It is by this reality, the Old Roman Catholic Church is truly evangelical because we adhere, without exception to the ancient Christian Faith; we adhere to the Good News that Jesus is the Messiah, the only Messiah and Savior of Mankind; that Jesus died for our sins, and that He triumphed over death by His Death, and Gloriously Resurrected from the dead.

The Old Roman Catholic community of St. George - Archdiocese of the United States of America.

Adapted from Christ: Light of the East, Msgr. Joseph Thomas, PhD

Saturday, March 22, 2014

Western Rites?

     In recent time there has been a lot of buzz about Western Rites parishes found among the Eastern Orthodox Churches. Some of the Eastern Orthodox Churches have worked to accommodate the clergy and laity that have desired to express the Orthodox Faith according to a Western liturgical practice. Some of the Orthodox Western Rite parishes have flourished while others continue to struggle.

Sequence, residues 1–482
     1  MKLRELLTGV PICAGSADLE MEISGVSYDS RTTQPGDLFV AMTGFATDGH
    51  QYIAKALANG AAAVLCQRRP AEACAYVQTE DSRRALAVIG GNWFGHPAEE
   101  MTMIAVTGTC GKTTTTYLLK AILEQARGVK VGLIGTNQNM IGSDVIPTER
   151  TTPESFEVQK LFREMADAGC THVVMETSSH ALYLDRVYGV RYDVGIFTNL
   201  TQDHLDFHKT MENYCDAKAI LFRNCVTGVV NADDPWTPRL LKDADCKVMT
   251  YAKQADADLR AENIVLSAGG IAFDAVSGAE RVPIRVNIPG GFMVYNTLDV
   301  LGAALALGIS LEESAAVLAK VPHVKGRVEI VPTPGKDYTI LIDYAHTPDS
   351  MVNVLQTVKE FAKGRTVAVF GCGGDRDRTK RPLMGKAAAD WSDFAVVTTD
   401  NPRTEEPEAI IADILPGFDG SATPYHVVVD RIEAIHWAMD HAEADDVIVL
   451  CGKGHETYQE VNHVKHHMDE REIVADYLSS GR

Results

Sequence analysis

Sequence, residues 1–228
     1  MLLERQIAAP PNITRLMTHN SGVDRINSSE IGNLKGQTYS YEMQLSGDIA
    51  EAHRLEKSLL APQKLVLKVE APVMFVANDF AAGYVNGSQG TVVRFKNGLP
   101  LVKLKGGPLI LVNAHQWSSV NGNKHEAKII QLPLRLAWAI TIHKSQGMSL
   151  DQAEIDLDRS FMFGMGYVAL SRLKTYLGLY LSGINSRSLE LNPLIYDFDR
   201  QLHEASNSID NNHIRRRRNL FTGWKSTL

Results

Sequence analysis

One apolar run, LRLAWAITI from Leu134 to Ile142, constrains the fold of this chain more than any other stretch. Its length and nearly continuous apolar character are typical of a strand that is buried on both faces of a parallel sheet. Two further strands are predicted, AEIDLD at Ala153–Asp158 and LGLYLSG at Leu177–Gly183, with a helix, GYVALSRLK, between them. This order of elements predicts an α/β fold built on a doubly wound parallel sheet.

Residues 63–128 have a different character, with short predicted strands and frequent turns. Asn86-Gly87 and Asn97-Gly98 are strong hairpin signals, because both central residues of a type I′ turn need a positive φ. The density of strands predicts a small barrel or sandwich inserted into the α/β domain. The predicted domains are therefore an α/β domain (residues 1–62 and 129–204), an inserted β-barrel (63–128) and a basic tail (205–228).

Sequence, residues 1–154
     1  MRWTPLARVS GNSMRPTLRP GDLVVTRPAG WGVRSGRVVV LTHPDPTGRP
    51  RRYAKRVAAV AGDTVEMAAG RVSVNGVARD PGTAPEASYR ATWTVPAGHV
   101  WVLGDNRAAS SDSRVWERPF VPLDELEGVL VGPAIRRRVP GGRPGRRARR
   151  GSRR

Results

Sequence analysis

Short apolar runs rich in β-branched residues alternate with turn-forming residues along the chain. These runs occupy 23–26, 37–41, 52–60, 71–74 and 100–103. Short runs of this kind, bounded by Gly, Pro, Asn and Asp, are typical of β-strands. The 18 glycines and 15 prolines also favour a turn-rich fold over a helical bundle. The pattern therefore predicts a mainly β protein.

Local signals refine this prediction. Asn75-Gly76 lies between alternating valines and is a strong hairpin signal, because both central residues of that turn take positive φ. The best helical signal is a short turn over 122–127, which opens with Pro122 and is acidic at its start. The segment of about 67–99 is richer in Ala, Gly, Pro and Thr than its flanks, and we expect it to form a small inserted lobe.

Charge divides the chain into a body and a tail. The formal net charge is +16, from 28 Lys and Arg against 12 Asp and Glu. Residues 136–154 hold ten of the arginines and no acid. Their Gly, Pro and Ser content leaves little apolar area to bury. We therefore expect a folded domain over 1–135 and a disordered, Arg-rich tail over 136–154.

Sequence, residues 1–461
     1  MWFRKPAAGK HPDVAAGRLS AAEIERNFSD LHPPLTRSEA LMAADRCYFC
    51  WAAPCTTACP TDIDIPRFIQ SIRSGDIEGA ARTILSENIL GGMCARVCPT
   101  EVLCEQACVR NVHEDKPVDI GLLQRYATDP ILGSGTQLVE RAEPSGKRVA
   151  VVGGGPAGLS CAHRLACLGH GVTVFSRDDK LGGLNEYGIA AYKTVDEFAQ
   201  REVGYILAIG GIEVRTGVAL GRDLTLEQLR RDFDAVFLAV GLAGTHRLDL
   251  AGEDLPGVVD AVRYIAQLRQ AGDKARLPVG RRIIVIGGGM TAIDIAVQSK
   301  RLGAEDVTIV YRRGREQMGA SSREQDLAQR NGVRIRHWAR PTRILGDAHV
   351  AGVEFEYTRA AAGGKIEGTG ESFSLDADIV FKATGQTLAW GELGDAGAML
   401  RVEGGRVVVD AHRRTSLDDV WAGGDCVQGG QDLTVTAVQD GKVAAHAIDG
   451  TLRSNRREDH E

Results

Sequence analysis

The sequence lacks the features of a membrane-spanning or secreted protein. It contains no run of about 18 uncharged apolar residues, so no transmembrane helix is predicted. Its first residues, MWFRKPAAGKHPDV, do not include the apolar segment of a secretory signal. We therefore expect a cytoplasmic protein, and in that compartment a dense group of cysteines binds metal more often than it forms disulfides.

The Russian Orthodox Church Outside of Russia (ROCOR) has just recently disbanded an entire group of clergy and is now working to build up a new Western Rite that will be more collaborative with its Eastern counterpart in the same Church? This may prove to be an almost impossible task based on the negative mind set of a large number of the current ROCOR bishops. What may well occur is the surviving Western Rite priests and parishes will, over time, be absorbed into the Eastern Rite worship.

     Some Western Rite clergy and laity have sought to find shelter under the umbrella of the Anglican Church. Orthodoxy and Anglicanism co-existing? How can this be possible when historical Anglicanism professes a creed that does not include all that is preserved by the Orthodox Christian Faith as passed down to us by Christ God to the Apostles? Secondly, for those seeking shelter under the mantel of the Continuing Anglican Church there appears to be no shred of a canonical Orthodox affiliation, just assuming the mantel of being Orthodox?